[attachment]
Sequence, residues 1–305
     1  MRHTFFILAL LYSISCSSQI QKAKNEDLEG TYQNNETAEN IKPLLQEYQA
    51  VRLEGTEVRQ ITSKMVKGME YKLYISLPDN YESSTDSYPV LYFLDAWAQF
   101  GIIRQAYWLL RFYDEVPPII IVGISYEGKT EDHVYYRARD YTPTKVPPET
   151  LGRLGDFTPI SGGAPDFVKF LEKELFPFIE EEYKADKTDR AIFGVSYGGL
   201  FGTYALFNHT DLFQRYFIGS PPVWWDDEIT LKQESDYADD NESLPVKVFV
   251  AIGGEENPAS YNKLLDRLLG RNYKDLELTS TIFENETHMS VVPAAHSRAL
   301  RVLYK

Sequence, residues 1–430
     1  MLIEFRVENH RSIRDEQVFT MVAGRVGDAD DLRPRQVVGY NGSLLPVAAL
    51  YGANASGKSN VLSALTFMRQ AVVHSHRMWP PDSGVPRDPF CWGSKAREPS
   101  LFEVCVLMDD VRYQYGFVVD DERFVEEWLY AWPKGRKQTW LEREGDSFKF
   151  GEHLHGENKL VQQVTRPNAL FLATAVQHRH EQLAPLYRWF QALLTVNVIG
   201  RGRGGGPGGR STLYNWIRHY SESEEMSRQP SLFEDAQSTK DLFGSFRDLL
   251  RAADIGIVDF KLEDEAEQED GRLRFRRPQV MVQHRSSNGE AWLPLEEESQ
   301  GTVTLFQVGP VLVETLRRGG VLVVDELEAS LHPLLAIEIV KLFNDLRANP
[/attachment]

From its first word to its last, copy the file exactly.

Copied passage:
Sequence, residues 1–305
     1  MRHTFFILAL LYSISCSSQI QKAKNEDLEG TYQNNETAEN IKPLLQEYQA
    51  VRLEGTEVRQ ITSKMVKGME YKLYISLPDN YESSTDSYPV LYFLDAWAQF
   101  GIIRQAYWLL RFYDEVPPII IVGISYEGKT EDHVYYRARD YTPTKVPPET
   151  LGRLGDFTPI SGGAPDFVKF LEKELFPFIE EEYKADKTDR AIFGVSYGGL
   201  FGTYALFNHT DLFQRYFIGS PPVWWDDEIT LKQESDYADD NESLPVKVFV
   251  AIGGEENPAS YNKLLDRLLG RNYKDLELTS TIFENETHMS VVPAAHSRAL
   301  RVLYK

Sequence, residues 1–430
     1  MLIEFRVENH RSIRDEQVFT MVAGRVGDAD DLRPRQVVGY NGSLLPVAAL
    51  YGANASGKSN VLSALTFMRQ AVVHSHRMWP PDSGVPRDPF CWGSKAREPS
   101  LFEVCVLMDD VRYQYGFVVD DERFVEEWLY AWPKGRKQTW LEREGDSFKF
   151  GEHLHGENKL VQQVTRPNAL FLATAVQHRH EQLAPLYRWF QALLTVNVIG
   201  RGRGGGPGGR STLYNWIRHY SESEEMSRQP SLFEDAQSTK DLFGSFRDLL
   251  RAADIGIVDF KLEDEAEQED GRLRFRRPQV MVQHRSSNGE AWLPLEEESQ
   301  GTVTLFQVGP VLVETLRRGG VLVVDELEAS LHPLLAIEIV KLFNDLRANP